Netflix’s gaming library expands today with another hit, last year’s excellent Teenage Mutant Ninja Turtles: Shredder’s Revenge. If you have a Netflix subscription, you can download the retro beat ’em up (which we awarded a rare five-star review) for no additional cost right now on iOS and Android.
What’s more exciting, though, is that the mobile port might be the best version of Shredder’s Revenge out there.
That came as a bit of a surprise to me. Before going hands-on with it, I was skeptical about how a fast-paced, combo-driven action game could function with touch controls. I didn’t quite understand how four-directional movement could feel smooth, nor comprehend how its various buttons could work in a touch interface.
Within moments of picking it up, all of those questions would be easily answered. In classic mobile fashion, my left thumb controls movement with an on-screen D-pad that feels more natural than anticipated. Though it’s the controls on the right side I’m most impressed by. There are six buttons total that control the action, each of which is clearly marked with graphic icons. A fist denotes basic attack, an up arrow indicates jump, and another arrow pointing to the side controls my dodge. Dedicated buttons for uppercut, taunt, and special attack round out the set in a clean layout that’s easy to jump between.
Console game controls translated to mobile can often be hit-or-miss. I remember being turned off by Apex Legends Mobile last year, which felt far too complicated and cluttered. By comparison, Shredder’s Revenge feels even easier to play on a phone than with a controller. I often found myself mixing up which buttons did what when playing on PC, but the icons helped me tackle battles with much more confidence and actually aim to execute combos I’d usually luck into.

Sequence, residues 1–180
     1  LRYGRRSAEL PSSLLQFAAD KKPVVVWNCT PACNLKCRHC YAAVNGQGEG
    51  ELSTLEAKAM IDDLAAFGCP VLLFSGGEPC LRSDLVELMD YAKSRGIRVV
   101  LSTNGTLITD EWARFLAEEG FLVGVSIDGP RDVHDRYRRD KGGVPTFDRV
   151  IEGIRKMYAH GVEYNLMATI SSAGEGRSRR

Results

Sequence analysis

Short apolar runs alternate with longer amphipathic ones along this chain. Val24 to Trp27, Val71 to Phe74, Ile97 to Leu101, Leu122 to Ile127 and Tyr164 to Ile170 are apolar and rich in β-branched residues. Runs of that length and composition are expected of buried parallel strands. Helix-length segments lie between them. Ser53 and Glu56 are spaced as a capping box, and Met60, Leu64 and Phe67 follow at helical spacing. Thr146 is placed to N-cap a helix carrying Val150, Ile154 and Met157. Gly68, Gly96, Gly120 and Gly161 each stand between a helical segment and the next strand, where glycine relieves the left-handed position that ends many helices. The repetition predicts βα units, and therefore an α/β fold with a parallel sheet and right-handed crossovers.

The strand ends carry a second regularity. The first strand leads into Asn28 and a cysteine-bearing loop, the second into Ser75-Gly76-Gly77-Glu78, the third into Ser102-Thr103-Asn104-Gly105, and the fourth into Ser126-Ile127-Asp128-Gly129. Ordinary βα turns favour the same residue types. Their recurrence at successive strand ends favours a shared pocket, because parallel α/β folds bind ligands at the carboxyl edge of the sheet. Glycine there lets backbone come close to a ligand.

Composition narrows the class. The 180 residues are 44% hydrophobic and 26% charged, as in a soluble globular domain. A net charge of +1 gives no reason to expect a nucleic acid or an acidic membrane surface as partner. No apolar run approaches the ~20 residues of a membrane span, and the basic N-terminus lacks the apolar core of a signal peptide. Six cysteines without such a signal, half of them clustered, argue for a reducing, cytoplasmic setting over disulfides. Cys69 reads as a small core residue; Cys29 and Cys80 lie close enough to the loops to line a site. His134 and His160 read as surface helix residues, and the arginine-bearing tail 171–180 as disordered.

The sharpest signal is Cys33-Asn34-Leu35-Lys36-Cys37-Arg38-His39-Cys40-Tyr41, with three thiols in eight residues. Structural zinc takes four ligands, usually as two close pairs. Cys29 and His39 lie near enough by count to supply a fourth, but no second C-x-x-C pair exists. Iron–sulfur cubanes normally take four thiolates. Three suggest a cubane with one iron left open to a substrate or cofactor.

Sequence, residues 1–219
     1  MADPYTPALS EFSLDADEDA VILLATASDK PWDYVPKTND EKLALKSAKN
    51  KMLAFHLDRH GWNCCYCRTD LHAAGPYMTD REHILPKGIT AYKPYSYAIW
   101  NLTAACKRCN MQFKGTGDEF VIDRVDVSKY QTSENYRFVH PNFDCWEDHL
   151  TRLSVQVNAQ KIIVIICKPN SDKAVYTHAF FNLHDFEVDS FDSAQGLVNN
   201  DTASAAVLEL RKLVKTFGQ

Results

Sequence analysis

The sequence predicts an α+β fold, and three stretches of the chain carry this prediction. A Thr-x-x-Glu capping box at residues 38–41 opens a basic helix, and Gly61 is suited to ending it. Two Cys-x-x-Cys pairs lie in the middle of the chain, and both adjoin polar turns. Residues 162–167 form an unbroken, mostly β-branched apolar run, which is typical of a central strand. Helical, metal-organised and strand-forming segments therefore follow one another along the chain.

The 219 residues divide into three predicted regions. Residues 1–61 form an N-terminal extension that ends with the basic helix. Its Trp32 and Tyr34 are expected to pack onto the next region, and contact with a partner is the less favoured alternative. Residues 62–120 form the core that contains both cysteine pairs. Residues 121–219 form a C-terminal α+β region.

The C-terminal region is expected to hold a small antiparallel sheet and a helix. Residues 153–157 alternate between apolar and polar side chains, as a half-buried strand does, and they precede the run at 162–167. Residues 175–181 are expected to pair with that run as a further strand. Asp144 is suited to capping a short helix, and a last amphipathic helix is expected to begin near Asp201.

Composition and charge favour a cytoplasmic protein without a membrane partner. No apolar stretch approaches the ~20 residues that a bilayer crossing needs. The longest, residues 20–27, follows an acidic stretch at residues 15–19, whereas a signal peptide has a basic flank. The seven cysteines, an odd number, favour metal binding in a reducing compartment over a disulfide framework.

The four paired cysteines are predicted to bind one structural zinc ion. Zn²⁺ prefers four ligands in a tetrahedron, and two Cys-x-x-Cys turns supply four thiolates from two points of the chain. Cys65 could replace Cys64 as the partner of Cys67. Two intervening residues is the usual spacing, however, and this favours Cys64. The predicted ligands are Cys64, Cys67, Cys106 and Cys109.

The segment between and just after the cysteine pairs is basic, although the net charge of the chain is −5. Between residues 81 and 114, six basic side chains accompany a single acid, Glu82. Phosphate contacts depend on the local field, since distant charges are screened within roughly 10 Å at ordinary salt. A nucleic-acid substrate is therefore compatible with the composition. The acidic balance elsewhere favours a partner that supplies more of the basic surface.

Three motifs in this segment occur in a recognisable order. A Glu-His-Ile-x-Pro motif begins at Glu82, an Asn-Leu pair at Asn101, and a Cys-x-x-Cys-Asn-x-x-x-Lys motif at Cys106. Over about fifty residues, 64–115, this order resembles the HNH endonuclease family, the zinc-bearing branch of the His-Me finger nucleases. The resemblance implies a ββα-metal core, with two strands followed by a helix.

The only drawback is that the on-screen button UI does have a tendency to obscure the action. If I fought my way into the bottom corner of a screen, it would often mean I was eclipsed by the D-pad. Quirks like that still make a gamepad or controller attachment like the Razer Kishi 2 a safe bet, but the touch scheme makes for a smooth pick-up-and-play game that I could comfortably enjoy on the couch.
Other aspects of the retro brawler benefit from a smaller screen. Its overworld map is more satisfying to navigate thanks to touch controls. The vibrant pixel art looks even better on an iPhone than it does on a massive monitor, and the performance has been buttery smooth so far. Perhaps most importantly, its quick levels are a more natural fit for the pick-up-and-play mentality of mobile. I appreciate that I can kick out an entire chapter in less than 10 minutes and go about my day. That’s traditionally the opposite of how beat ’em ups usually play, as their arcade format encourage players to blaze through their short campaigns in one sitting. That’s how I played Shredder’s Revenge my first time through, and I’m certainly having more fun with it as a casual game.
TMNT: Shredder’s Revenge has me eager to play more old-school brawlers on my phone, especially ones as carefully ported as this. Rather than trying to squeeze big console experiences onto a small screen, I hope Netflix turns my iPhone into a pocket-sized arcade.
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